All of us run ourselves ragged and then keep our brains fired up with social media, streaming services, and random white noise that makes it difficult for our brains to “cycle down” for sleep.
Improving your sleep literally affects you mentally, emotionally, and physically. It’s one of the simplest and cheapest ways to create major change yet experts estimate that 70% of American adults get less than 6.5 hours per night and are classified as sleep-deprived.
You need 8 hours (and women are thought to need 9 nightly). Being “too busy” to get the sleep you need is counter-productive to every other area of your life. It’s a basic human requirement so it gets top priority on our 7 days of healthy habits list. Bump it by half an hour each night until you get to the golden 8 you need!Being “too busy” to get the sleep you need is counter-productive to every other area of your life. #7dayshealthyhabitClick To Tweet
Day #2: Drink the water…even if you hate it.
Studies show that most Americans get their massive sugar consumption through the beverages they drink. Before you proudly inform those around you that you choose “diet” versions of the sugary stuff, you should know that diet drinks have been linked to a much higher risk of diabetes (and therefore heart disease by association).
Water isn’t glamorous but your cells need it to function.
You can make it fancy with lemon or lime juice, a couple of slices of fresh fruit, or even some essential oils (always use glass containers if you add essential oils and make sure they’re safe for consumption). Infused water is refreshing and offers even more benefits than plain water.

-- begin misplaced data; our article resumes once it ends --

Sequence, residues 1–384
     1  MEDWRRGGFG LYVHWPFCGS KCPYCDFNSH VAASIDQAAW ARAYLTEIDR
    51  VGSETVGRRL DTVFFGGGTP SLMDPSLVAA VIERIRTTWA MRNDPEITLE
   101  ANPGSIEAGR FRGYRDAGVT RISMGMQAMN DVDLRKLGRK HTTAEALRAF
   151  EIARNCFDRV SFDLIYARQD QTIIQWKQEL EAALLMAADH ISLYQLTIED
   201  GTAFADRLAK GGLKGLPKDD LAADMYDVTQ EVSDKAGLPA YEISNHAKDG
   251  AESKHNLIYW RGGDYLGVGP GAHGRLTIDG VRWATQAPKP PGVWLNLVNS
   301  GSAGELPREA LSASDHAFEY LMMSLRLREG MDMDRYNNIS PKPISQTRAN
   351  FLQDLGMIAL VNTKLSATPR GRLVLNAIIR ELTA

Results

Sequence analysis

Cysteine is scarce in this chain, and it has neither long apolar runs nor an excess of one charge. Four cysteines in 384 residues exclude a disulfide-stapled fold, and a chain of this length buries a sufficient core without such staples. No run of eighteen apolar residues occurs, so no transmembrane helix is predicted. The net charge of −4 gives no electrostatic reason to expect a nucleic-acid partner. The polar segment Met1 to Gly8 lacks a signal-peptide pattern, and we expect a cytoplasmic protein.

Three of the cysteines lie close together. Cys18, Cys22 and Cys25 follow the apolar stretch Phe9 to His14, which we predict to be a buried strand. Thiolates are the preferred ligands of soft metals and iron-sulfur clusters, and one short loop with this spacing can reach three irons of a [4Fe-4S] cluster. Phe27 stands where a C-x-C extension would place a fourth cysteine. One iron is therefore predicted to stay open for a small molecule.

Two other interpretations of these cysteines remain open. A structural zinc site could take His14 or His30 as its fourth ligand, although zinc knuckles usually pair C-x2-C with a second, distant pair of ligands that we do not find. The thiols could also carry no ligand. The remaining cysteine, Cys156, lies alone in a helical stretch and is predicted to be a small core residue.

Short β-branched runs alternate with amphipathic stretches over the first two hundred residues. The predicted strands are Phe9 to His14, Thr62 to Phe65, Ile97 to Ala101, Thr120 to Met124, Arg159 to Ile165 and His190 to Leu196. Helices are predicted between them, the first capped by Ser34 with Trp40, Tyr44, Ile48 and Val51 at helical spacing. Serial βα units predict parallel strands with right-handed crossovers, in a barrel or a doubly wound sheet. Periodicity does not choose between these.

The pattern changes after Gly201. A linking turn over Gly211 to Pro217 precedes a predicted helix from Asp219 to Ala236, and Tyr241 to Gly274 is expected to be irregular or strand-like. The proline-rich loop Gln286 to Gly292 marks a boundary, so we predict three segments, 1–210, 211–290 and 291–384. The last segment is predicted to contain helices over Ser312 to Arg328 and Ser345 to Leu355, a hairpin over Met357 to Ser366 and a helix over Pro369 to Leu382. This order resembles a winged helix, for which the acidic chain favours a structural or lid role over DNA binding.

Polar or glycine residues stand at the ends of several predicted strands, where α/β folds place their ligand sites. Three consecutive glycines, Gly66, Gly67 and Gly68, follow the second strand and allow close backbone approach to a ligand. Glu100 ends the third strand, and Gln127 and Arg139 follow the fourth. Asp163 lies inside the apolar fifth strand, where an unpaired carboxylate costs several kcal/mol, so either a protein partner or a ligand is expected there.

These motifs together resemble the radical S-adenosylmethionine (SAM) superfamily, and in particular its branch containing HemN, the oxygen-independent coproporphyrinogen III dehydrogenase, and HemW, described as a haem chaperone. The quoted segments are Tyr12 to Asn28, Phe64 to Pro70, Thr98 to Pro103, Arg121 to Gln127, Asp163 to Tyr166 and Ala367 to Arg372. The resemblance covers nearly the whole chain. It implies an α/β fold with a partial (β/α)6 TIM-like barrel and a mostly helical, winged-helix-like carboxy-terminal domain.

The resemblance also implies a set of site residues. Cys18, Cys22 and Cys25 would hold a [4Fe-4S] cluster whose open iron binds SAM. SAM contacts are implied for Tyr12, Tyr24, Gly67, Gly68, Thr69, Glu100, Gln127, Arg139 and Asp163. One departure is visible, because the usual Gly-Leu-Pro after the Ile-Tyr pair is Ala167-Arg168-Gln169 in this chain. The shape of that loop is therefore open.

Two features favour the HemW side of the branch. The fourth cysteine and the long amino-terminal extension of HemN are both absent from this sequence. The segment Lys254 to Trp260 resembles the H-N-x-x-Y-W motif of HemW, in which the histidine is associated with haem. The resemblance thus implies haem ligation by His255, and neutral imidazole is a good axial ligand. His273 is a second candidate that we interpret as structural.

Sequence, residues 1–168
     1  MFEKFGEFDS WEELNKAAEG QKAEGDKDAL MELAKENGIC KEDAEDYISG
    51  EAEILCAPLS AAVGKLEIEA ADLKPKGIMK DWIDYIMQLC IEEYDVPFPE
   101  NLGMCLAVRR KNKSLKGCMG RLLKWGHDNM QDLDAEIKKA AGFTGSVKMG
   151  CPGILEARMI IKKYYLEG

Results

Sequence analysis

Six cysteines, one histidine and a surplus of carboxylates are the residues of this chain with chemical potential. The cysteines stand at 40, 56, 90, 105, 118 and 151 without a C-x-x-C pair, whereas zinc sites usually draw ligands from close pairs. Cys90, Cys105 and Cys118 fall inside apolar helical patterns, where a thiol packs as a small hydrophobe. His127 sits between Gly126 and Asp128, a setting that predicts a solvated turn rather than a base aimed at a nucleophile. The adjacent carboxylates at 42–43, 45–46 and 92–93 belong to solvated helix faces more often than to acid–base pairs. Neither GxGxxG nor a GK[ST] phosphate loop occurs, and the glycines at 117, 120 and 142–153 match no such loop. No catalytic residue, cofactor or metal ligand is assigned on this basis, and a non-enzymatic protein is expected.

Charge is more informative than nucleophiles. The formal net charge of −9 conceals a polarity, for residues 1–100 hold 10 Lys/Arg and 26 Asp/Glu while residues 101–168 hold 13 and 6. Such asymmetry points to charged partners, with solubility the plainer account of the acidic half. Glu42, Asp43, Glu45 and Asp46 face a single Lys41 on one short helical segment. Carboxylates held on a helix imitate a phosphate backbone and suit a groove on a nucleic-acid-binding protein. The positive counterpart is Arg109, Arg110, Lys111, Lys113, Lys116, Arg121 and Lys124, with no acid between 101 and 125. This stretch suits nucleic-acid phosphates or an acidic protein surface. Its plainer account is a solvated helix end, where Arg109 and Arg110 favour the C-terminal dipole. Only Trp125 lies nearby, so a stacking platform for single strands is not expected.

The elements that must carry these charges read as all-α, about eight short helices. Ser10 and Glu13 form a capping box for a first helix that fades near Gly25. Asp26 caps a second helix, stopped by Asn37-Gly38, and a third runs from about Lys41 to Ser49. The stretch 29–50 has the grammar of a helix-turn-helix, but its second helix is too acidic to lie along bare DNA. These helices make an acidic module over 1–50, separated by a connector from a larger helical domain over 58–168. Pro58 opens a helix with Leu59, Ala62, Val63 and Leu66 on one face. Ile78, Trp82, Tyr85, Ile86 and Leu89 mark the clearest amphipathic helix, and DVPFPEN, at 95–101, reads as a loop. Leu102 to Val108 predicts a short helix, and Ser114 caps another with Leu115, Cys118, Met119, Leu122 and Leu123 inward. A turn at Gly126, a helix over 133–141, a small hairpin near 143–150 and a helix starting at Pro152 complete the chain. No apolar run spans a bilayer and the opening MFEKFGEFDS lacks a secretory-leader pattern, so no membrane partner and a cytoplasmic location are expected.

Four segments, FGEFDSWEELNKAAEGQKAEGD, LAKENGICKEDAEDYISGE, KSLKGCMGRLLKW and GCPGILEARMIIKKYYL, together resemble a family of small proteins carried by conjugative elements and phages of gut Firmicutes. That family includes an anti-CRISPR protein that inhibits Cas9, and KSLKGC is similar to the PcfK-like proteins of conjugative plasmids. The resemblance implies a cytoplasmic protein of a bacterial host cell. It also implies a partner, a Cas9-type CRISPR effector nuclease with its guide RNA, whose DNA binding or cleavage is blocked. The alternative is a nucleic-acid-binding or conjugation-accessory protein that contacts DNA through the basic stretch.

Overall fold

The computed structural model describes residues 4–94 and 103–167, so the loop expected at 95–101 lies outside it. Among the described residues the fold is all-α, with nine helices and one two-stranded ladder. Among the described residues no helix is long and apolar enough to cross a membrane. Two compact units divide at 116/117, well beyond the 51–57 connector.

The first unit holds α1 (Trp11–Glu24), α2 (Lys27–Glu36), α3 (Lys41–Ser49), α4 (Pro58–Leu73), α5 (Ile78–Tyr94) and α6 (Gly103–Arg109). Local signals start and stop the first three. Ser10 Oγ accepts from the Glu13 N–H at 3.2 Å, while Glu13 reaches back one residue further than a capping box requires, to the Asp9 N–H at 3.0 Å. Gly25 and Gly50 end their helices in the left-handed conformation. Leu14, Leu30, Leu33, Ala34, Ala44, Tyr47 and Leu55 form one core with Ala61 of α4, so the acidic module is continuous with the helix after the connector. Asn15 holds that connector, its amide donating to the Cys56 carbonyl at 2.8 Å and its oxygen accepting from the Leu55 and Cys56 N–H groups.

Don’t add sugar, don’t add drink mixes, and don’t be fooled by low-calorie drops that make pretty colors and add flavor…they’re chemical concoctions that negate your water benefits.
If you don’t drink water now, start slow. A good rule of thumb is 64 ounces per day and it’s a great goal to strive for if you’re not drinking water at all. Include 16 ounces daily for a few days, then add another 16 ounces, and so on. Try replacing sodas and high-sugar coffees with lightly sweetened green tea (add an herbal tea bag for added interest).
Day #3: Don’t add salt to your foods.
This is a difficult one for many people. In a fast-paced world where we struggle to get a good meal on our plates at least once per day, the added sodium content can be forgotten in your desire to lower sugar.
Too much salt causes you to retain water, makes your skin appear dry, and causes unnatural puffiness in your face, hands, and feet. Sugar is a bad one – without a doubt – but you want to watch how much salt you’re eating as well.
It’s packed in fast foods, frozen entrees, and microwavable meals (soups, side dishes, etc.) as a preservative and if you commonly eat these types of foods, you’re getting far more salt than your body needs. Once food is plated, more salt is typically sprinkled over it.
Outside of a dash included in a recipe, avoid adding salt to food. You can replace the “heartiness” of it with garlic powder, onion powder, or even cumin. If you can’t eliminate added salt immediately, give yourself a daily limit. Measure out ½ a teaspoon of salt to use for the entire day and gradually reduce it over time.
Day #4: You really need fiber.
Lots of foods contain this essential nutrient. Avocados, raspberries, lentils and beans, almonds, chia seeds, and dark chocolate are packed with fiber. Homemade (not microwave) popcorn with a bit of real melted butter is a great high-fiber snack.